Dan Cruickshank’s Adventures in Architecture episode 1

Dan Cruickshank's Adventures in Architecture episode 1 - Beauty

Dan Cruickshank’s Adventures in Architecture episode 1: Dan Cruickshank explores how humanity has created beauty through architecture. He travels to Greenland to build an igloo, creating an architectural form that is under threat due to climate change. In China he scales the world’s biggest Buddha and deciphers a temple in India rich with erotic images.



He visits the Catherine Palace, a hot-blooded baroque masterpiece in the middle of snowy Russia. Finally in Adventures in Architecture episode 1, he uncovers the dark tale of Albi Cathedral, a building originally designed to suppress the local population but now an object of beauty and wonder.


Dan Cruickshank’s Adventures in Architecture episode 1 – Beauty



An igloo, also known as a snow house or snow hut, is a type of shelter built of snow, typically built when the snow is suitable.

Although igloos are often associated with all Inuit and Eskimo peoples, they were traditionally used only by the people of Canada’s Central Arctic and Greenland’s Thule area. Other Inuit tended to use snow to insulate their houses, which were constructed from whalebone and hides. Snow is used because the air pockets trapped in it make it an insulator. On the outside, temperatures may be as low as −45 °C (−49 °F), but on the inside, the temperature may range from −7 to 16 °C (19 to 61 °F) when warmed by body heat alone.

The snow used to build an igloo must have enough structural strength to be cut and stacked appropriately. The best snow to use for this purpose is snow which has been blown by wind, which can serve to compact and interlock the ice crystals; snow that has settled gently to the ground in still weather is not useful. The hole left in the snow where the blocks are cut is usually used as the lower half of the shelter.

Snow’s insulating properties enable the inside of the igloo to remain relatively warm. In some cases, a single block of clear freshwater ice is inserted to allow light into the igloo. Igloos used as winter shelters had beds made of loose snow, skins, and caribou furs. Sometimes, a short tunnel is constructed at the entrance, to reduce wind and heat loss when the door is opened. Animal skins or a snow block can be used as a door.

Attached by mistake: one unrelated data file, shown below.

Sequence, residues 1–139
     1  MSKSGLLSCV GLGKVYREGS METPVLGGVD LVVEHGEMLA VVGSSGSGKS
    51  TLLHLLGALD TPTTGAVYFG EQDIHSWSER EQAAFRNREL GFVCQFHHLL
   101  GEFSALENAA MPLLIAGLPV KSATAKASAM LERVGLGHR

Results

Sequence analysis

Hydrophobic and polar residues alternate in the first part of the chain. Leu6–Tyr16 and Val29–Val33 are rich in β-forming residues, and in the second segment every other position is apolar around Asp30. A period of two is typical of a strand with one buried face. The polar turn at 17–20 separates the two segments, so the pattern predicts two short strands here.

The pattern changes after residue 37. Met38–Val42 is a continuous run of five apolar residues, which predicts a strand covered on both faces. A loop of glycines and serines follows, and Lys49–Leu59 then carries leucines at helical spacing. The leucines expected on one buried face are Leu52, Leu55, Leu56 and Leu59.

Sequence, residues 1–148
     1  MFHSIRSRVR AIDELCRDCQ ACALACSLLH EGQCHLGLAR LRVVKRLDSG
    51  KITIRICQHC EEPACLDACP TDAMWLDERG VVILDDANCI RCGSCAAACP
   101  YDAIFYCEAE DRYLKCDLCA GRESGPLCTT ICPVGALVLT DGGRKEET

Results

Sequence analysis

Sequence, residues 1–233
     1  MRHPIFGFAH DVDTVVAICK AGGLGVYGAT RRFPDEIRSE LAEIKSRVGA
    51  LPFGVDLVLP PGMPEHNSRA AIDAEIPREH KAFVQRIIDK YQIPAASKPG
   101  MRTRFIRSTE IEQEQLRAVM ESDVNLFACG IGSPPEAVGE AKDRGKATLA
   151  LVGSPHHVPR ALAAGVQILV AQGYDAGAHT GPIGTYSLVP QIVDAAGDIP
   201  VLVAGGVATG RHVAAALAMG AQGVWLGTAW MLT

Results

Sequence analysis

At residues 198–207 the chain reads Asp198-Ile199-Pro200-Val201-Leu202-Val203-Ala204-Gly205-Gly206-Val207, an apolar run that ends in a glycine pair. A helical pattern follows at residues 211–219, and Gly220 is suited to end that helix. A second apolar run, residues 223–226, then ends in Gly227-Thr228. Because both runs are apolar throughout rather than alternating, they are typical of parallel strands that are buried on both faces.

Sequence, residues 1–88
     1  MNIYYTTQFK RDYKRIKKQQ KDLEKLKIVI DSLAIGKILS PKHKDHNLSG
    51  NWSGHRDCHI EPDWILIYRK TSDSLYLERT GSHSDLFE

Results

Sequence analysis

Architecturally, the igloo is unique in that it is a dome that can be raised out of independent blocks leaning on each other and polished to fit without an additional supporting structure during construction. An igloo that is built correctly will support the weight of a person standing on the roof.

Traditionally, an igloo might be deliberately consolidated immediately after construction by making a large flame with a kudlik (qulliq, stone lamp), briefly making the interior very hot, which causes the walls to melt slightly and settle. Body heat is also adequate, if slower. This melting and refreezing builds up a layer of ice that contributes to the strength of the igloo.

Leshan Giant Buddha – Adventures in Architecture episode 1

The Leshan Giant Buddha is a 71-metre (233 ft) tall stone statue, built between 713 and 803 (during the Tang dynasty), depicting Maitreya. It is carved out of a cliff face of Cretaceous red bed sandstones that lies at the confluence of the Min River and Dadu River in the southern part of Sichuan province in China, near the city of Leshan. The stone sculpture faces Mount Emei, with the rivers flowing below its feet. It is the largest and tallest stone Buddha statue in the world and it is by far the tallest pre-modern statue in the world.

The Mount Emei Scenic Area, including Leshan Giant Buddha Scenic Area, has been listed as a UNESCO World Heritage Site since 1996.